Category Archives: Technology

Digital Detox – 5 Things I Learned in a Month Without Facebook & Instagram

I started reading the book Digital Minimalism by Cal Newport on March 31st.  In the opening pages he encourages his readers to take “aggressive action … to fundamentally transform your relationship with technology.”  What he calls “the digital declutter” amounts to 30 days of no optional online activities.  The experiment intrigued me, and even though I was only a few pages into the book, I committed to the fast.  I deleted every app I considered optional and committed to refrain from all social media for the month of April.  Newport explains, “During this period, you’ll wean yourself from the cycles of addiction that many digital tools can instill, and begin to rediscover the analog activities that provide you deeper satisfaction.  You’ll take walks, talk to friends in person, engage your community, read books, and stare at the clouds.  Most importantly, the declutter gives you the space to refine your understanding of the things you value most.”  (emphasis mine)

Well, I made it to May without FB and Insta, and I’m still alive.  🙂  More alive, actually.  And so I don’t forget, here are a few takeaways from both Digital Minimalism as well as my decluttering experience over the past month.

  1. I waste too much time on social media.  

I go through cycles of conviction on this one.  About a year ago I deleted the Facebook app off my phone and only checked it via a browser on the laptop.  However, once we announced my pregnancy, I got caught up in the “checking for likes” syndrome.  I re-downloaded the app and didn’t look back.  Then my son was born, and that like and comment itch grew.  Checking social media became a mindless time-suck, and I rationalized it telling myself, “Well what else are you going to do while you’re nursing this baby?”  Without long stretches of uninterrupted time to accomplish projects, scrolling social media for a few minutes here and there seemed innocent enough.  Those minutes add up, however, and often stretch into longer periods of zoning out and not being present in the moment.  I would shudder to know the actual number of lifetime minutes I’ve spent in a digital world.  Once Facebook and Instagram (and Settlers of Catan on my iPad) were no longer an option, I was suddenly hyperaware of all those here and there minutes and had to decide how best to fill them.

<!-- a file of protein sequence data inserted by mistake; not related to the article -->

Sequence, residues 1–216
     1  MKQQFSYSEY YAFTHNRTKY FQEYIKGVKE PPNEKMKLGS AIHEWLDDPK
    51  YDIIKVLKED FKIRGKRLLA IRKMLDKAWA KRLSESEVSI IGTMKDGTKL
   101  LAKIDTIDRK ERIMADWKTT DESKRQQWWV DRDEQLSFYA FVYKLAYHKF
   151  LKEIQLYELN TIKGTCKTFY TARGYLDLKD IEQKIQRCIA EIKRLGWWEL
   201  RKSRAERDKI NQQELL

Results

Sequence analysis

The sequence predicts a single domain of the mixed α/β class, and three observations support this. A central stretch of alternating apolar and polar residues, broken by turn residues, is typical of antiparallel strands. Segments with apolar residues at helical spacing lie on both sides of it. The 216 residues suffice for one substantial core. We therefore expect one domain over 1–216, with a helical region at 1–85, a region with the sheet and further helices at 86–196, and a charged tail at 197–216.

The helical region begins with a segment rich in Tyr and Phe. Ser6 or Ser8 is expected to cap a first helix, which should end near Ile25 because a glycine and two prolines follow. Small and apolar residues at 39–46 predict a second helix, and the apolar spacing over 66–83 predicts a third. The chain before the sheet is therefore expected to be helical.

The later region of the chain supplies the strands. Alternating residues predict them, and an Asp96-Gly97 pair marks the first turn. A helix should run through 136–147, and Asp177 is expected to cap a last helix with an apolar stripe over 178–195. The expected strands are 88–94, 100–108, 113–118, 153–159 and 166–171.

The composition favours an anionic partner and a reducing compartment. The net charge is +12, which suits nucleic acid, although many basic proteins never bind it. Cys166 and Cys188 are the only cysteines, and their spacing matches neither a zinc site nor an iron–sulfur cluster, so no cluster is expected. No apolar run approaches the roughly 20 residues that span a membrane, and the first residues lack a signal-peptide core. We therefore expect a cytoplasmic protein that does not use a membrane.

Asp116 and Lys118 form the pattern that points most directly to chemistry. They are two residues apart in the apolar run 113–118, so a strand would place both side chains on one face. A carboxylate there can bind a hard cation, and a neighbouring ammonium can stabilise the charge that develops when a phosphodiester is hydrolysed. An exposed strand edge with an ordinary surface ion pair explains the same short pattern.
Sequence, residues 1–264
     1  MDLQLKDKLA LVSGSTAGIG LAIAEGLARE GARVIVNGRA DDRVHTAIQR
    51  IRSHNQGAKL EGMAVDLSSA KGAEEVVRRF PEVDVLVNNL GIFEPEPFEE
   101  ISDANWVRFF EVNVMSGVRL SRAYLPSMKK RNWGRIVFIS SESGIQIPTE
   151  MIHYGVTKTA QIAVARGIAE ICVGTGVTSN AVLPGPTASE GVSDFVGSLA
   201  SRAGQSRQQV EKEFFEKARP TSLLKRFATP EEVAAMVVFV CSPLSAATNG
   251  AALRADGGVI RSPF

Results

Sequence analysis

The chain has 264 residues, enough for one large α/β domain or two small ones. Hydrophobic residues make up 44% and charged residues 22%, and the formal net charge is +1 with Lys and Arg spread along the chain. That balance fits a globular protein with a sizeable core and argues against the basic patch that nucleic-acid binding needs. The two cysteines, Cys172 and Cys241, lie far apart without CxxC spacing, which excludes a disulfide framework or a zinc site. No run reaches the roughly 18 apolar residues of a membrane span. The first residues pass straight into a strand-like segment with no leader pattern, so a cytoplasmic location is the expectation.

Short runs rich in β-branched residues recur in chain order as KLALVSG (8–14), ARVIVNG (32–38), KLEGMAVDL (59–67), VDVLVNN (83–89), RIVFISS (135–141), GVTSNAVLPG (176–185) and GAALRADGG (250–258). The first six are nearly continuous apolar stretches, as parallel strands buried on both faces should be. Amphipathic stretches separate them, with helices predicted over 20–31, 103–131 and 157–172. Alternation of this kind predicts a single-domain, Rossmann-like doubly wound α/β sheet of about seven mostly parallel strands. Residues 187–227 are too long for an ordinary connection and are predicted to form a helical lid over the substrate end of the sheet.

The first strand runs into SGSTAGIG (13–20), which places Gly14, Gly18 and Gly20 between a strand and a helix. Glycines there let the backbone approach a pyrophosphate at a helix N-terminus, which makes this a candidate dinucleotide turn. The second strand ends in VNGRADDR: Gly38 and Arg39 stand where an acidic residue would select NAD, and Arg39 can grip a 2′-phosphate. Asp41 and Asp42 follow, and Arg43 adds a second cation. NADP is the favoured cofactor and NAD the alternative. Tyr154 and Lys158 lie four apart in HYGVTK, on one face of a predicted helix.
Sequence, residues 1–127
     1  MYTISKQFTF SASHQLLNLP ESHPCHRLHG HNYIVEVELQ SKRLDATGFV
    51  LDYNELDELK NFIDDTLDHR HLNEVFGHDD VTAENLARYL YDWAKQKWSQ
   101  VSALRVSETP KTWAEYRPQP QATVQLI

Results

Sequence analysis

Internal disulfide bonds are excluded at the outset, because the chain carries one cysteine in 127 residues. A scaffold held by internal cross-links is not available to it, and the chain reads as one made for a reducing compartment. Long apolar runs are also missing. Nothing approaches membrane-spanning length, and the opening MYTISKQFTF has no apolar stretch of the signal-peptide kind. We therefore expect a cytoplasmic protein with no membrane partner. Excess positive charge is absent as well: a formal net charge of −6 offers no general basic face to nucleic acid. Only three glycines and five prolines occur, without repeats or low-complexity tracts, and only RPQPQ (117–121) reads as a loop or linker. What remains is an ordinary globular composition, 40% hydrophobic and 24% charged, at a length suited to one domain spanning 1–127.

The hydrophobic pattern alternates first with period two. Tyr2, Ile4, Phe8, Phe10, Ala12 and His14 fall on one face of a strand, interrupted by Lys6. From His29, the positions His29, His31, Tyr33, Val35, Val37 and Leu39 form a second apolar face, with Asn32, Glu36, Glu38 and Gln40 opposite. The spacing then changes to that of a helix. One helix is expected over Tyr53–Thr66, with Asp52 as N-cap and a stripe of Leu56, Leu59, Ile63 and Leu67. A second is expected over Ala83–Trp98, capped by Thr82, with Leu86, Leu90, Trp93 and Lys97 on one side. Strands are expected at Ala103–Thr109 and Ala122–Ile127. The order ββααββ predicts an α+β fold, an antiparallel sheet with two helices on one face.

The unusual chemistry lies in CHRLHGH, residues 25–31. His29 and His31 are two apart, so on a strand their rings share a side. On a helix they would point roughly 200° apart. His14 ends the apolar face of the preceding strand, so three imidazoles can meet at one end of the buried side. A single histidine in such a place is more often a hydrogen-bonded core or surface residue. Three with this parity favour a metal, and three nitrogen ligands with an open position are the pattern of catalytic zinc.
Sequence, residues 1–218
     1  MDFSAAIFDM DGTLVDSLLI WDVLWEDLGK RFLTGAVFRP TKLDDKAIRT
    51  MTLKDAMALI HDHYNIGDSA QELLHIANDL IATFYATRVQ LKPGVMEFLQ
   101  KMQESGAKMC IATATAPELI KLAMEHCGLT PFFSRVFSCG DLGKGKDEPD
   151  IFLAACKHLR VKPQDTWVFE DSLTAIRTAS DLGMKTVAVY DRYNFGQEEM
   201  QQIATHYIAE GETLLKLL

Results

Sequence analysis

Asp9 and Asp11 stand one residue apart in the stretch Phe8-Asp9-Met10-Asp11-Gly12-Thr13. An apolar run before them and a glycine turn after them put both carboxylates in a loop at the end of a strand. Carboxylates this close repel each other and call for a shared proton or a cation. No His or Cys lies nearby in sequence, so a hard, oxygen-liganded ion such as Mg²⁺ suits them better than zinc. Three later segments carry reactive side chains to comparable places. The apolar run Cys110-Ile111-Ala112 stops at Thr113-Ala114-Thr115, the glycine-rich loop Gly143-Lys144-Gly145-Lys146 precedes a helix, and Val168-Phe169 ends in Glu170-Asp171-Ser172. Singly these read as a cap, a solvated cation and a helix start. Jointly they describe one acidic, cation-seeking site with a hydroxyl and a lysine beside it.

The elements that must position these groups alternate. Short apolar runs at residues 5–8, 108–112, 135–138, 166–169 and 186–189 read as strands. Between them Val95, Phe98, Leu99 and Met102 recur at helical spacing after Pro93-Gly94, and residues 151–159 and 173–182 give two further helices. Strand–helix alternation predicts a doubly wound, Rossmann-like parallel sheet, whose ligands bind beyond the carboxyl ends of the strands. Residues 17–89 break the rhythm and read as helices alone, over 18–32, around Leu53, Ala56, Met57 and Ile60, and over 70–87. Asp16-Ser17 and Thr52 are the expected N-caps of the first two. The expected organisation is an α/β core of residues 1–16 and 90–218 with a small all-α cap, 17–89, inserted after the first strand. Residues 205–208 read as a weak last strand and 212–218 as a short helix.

1. The more time you spend on social media, the more money companies make.

While I understood that social media companies made their money from advertising, I never gave much thought to the concept of an “attention economy.”  To explain this concept, Newport shares a fascinating anecdote about the penny press newspapers of the early 19th century: “Up to that point, publishers considered their readers to be their customers, and saw their goal as providing a product good enough to convince people to pay to read it.  Day’s innovation was to realize that his readers could become his product and the advertisers his customers.  His goal became to sell as many minutes of his readers’ attention as possible to the advertisers.  To do so, he lowered the price of the Sun to a penny and pushed more mass interest stories.  ‘He was the first person to really appreciate the idea—you gather a crowd, and you’re not interested in the crowd for its money, … but because you can resell them to someone else who wants their attention.’”  Newport goes on to compare the monetary value of tech giants to that of oil companies and the shift that has occurred over the past 20 years or so.  “Extracting eyeball minutes, the key resource for companies like Google and Facebook, has become significantly more lucrative than extracting oil.”  No wonder after a week or so off of Instagram I started receiving emails like these every few days …IMG_2749